Sometimes you can’t avoid using HTTPS right starting from development (such as for developing Facebook canvas applications). You can setup Apache on your local machine and go through a bunch of trouble setting up your domain and setting up the certificate etc but there’s an easy way of using Django’s python manage.py runserver to work with HTTPS.
This can be done with stunnel that lets the Facebook server and stunnel on your machine communicate in SSL and stunnel turns around to communicate with Python in HTTP. First install stunnel. For instance in Mac OS X:
brew install stunnel
Then you need to create a settings file for stunnel to execute. You can create a text file anywhere. For instance, you can create dev_https and input:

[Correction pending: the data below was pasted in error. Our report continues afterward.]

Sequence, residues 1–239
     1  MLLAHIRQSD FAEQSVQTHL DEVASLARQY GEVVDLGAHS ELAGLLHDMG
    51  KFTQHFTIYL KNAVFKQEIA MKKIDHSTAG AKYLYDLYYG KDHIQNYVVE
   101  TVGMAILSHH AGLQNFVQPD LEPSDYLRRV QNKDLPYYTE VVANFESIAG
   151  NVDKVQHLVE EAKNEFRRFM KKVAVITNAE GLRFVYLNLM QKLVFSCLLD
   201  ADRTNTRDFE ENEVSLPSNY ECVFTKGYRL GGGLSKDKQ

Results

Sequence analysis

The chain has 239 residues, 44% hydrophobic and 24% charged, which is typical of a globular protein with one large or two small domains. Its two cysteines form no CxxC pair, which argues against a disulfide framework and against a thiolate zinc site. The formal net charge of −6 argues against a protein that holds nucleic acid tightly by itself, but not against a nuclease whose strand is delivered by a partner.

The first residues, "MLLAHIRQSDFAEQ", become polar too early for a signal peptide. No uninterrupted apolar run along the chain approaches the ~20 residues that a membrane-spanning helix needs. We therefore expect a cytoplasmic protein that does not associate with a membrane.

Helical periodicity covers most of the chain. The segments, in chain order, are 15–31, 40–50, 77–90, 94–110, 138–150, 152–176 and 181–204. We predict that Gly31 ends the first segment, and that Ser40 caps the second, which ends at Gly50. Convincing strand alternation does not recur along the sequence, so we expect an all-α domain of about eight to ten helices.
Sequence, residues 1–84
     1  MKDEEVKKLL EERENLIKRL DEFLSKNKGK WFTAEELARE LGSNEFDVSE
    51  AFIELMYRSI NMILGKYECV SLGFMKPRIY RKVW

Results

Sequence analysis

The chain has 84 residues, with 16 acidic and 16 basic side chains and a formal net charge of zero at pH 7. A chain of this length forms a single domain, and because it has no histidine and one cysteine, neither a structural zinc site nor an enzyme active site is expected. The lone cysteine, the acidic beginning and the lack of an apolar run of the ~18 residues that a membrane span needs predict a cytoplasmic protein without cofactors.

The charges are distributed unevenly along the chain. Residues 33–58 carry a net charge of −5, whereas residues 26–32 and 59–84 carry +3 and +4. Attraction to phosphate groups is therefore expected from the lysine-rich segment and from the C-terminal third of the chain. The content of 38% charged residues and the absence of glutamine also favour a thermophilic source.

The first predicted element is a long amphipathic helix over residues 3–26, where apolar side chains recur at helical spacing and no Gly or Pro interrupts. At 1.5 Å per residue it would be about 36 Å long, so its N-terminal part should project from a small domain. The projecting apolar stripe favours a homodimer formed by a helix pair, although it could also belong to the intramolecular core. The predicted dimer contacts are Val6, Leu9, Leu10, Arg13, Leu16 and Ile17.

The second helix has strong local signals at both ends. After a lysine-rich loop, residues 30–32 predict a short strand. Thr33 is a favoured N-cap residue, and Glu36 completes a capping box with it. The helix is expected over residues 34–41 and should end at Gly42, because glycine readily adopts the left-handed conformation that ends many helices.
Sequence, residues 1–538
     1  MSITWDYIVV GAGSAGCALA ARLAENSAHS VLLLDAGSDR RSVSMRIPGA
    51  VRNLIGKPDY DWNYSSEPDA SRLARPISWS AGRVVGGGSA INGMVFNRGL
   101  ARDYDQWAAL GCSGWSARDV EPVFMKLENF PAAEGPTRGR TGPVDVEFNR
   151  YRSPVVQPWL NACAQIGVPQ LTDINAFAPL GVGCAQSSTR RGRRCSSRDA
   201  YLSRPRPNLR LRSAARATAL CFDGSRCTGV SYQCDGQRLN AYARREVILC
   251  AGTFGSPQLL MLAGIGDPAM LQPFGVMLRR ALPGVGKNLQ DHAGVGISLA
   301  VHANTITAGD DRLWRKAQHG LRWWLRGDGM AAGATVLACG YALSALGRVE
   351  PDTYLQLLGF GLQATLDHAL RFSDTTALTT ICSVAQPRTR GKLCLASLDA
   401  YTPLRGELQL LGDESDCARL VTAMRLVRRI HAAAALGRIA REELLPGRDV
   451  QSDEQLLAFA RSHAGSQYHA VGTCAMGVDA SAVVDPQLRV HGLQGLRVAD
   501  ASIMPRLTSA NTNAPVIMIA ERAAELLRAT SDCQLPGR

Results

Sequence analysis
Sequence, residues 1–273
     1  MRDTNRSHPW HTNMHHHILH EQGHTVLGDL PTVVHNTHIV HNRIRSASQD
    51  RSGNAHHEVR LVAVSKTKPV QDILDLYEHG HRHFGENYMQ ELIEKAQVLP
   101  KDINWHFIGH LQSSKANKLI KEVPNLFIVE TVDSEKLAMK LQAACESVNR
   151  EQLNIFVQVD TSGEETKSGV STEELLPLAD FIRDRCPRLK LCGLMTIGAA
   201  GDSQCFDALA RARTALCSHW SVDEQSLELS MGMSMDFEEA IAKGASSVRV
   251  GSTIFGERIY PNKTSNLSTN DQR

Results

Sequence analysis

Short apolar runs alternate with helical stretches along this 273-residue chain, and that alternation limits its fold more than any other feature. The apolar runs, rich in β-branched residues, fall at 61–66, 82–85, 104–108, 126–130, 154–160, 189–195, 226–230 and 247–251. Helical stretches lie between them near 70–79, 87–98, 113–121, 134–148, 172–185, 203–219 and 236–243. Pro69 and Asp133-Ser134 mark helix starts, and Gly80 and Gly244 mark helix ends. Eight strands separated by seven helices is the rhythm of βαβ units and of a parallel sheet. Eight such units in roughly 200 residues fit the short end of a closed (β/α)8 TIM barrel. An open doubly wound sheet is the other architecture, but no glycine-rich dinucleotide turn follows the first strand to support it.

stunnel creates a fake certificate. By default on Mac, it's at /usr/local/etc/stunnel/stunnel.pem. It'll bring up a warning on your browser saying that your webpage can be fake but Facebook operations still work right. Since stunnel has to listen on one port and Python's development server cannot run on the same server, you must use different ports for accept (incoming) and connect (internal). Once you have your dev_https file or whatever you called it, runsudo stunnel dev_httpsto start the tunnelling. Then start your Python server.HTTPS=1 python manage.py runserver 0.0.0.0:8002Environment variable HTTPS must be set to 1 for it to return secure responses and since we previously set the internal port to 8002, we listen on 8002 from all incoming IPs. Then, your IP:8001 can accept HTTPS connections without changing your webserver and you can continue running another instance of HTTP Python server on a different port.Source